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Filippo Grandi Civilian suffering worse than ever in 7-year Syria war: UN

The living conditions of civilians inside Syria are worse than ever, UN High Commissioner for Refugees Filippo Grandi said Friday, with the conflict set to enter its eighth year.

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A girl fetches water in Syria's second city Aleppo, which is still ravaged by four years of fighting between government forces and rebels that culminated in its full recapture December 2016 play

A girl fetches water in Syria's second city Aleppo, which is still ravaged by four years of fighting between government forces and rebels that culminated in its full recapture December 2016

(AFP/File)

The living conditions of civilians inside Syria are worse than ever, UN High Commissioner for Refugees Filippo Grandi said Friday, with the conflict set to enter its eighth year.

"The conditions faced by civilians inside Syria are worse than ever, with 69 percent languishing in extreme poverty," Grandi said during a visit to Lebanon.

The war in Syria started in March 2011 when protests against the regime of President Bashar al-Assad sparked a brutal crackdown that led to one of the deadliest conflicts of our time.

"This seven-year war has left a colossal human tragedy in its wake. For the sake of the living, it is high time to end this devastating conflict," Grandi was quoted as saying in a statement.

March 15 is widely accepted as the conflict's anniversary date.

According to the Syrian Observatory for Human Rights monitoring group, more than 340,000 people have been killed since then in a conflict the UN says caused the worst displacement since World War II.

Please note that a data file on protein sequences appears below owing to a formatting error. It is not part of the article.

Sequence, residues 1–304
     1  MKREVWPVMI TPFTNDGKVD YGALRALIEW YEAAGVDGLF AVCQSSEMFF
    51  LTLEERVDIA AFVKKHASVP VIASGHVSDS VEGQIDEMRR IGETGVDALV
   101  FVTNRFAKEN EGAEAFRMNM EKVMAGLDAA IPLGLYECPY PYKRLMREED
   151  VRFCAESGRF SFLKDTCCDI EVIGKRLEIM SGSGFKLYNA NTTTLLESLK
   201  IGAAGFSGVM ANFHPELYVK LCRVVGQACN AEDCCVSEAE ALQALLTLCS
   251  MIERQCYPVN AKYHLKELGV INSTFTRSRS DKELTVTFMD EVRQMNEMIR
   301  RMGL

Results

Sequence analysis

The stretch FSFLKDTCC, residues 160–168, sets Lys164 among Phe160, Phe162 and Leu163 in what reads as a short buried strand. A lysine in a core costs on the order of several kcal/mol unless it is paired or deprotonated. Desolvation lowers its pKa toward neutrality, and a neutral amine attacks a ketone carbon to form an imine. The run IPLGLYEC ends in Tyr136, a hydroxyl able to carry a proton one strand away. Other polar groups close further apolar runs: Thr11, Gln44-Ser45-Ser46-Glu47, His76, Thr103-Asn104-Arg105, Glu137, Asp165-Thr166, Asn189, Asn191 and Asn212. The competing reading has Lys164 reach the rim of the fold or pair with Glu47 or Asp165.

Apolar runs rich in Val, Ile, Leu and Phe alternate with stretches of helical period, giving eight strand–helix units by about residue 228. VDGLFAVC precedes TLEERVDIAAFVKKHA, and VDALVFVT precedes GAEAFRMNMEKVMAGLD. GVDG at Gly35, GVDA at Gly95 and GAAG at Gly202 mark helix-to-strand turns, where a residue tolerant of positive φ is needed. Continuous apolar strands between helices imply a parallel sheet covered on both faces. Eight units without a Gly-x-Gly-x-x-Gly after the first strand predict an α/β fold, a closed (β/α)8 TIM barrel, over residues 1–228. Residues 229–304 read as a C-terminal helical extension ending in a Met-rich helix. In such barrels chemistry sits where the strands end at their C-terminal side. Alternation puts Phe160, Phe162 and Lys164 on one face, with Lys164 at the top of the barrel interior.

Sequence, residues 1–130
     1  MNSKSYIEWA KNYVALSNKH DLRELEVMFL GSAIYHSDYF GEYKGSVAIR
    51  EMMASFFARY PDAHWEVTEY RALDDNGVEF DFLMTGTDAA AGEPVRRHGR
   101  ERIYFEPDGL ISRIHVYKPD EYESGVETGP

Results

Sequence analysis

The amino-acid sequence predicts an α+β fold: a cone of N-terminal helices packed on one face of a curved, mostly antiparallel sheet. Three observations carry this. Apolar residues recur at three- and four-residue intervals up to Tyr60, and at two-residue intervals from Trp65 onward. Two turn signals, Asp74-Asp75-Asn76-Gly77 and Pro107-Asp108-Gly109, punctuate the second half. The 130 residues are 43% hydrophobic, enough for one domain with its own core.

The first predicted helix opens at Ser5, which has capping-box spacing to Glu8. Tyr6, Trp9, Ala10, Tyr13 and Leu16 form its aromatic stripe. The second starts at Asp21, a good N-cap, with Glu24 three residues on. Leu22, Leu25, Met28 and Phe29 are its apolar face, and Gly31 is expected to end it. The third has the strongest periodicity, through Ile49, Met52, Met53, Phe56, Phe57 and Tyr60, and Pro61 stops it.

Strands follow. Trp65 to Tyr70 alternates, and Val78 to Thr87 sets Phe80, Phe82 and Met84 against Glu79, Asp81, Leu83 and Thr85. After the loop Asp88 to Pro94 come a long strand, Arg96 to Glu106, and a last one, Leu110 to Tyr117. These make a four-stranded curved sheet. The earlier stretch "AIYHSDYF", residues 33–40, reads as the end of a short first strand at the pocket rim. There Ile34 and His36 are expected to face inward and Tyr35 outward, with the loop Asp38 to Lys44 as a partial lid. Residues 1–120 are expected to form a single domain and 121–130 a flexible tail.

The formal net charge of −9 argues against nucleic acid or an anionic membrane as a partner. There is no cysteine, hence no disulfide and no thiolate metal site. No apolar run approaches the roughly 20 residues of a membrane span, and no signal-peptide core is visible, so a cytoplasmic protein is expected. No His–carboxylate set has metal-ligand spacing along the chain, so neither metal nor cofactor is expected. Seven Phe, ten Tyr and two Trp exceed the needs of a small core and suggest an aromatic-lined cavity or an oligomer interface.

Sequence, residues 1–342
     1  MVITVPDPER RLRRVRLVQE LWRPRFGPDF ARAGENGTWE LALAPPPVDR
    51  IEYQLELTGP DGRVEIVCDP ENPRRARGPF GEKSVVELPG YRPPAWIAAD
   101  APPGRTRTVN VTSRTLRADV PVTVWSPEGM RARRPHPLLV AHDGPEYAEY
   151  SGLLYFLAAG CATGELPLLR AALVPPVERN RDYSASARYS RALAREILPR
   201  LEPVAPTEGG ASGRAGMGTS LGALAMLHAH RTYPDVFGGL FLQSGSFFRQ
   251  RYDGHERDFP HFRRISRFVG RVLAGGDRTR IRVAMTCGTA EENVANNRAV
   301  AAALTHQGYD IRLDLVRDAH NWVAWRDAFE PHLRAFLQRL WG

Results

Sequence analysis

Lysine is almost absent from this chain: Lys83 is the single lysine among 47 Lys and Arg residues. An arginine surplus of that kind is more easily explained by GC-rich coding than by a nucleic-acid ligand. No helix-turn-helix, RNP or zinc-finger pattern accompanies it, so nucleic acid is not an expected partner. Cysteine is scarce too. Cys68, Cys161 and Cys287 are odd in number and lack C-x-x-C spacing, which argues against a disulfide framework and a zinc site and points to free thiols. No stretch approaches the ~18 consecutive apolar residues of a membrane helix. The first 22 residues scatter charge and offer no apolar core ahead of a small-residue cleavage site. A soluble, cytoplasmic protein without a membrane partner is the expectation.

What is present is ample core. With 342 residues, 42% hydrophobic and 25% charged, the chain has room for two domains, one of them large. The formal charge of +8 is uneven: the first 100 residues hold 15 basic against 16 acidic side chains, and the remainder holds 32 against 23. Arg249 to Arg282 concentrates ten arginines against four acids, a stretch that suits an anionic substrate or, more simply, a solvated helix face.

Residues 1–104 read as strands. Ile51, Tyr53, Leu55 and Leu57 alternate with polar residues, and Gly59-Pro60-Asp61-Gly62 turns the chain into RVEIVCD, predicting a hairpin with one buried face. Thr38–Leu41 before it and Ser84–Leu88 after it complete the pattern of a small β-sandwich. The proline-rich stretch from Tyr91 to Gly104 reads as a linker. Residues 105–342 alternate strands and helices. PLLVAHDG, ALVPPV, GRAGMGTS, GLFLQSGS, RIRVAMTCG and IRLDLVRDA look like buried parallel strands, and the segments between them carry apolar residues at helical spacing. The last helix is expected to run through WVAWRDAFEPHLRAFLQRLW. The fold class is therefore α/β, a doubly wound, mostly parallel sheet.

The collapse of the "caliphate" proclaimed by the Islamic State jihadist group over swathes of Syria has not brought the conflict to an end and Grandi said civilians were suffering more than ever.

Syrian children attend a class at a makeshift school in a rebel-held area of the southern city of Daraa play

Syrian children attend a class at a makeshift school in a rebel-held area of the southern city of Daraa

(AFP/File)

"The share of families spending more than half of their annual income on food has risen to 90 percent, while food prices are on average eight times higher than pre-crisis levels," he said.

The regime, with decisive military backing from Russia, is steadily reconquering areas it lost in the earlier stages of the conflict.

But the conditions are far from sufficient for the more than 50 percent of Syria's 20-million pre-war population who fled their homes to return.

Civilians continue to be displaced and killed as fighting continues on several fronts, including in Eastern Ghouta, a rebel-held enclave outside Damascus which is witnessing one of the darkest episodes of the war.

"There are no clear winners in this senseless pursuit of a military solution. But the losers are plain to see – they are the people of Syria," Grandi said.

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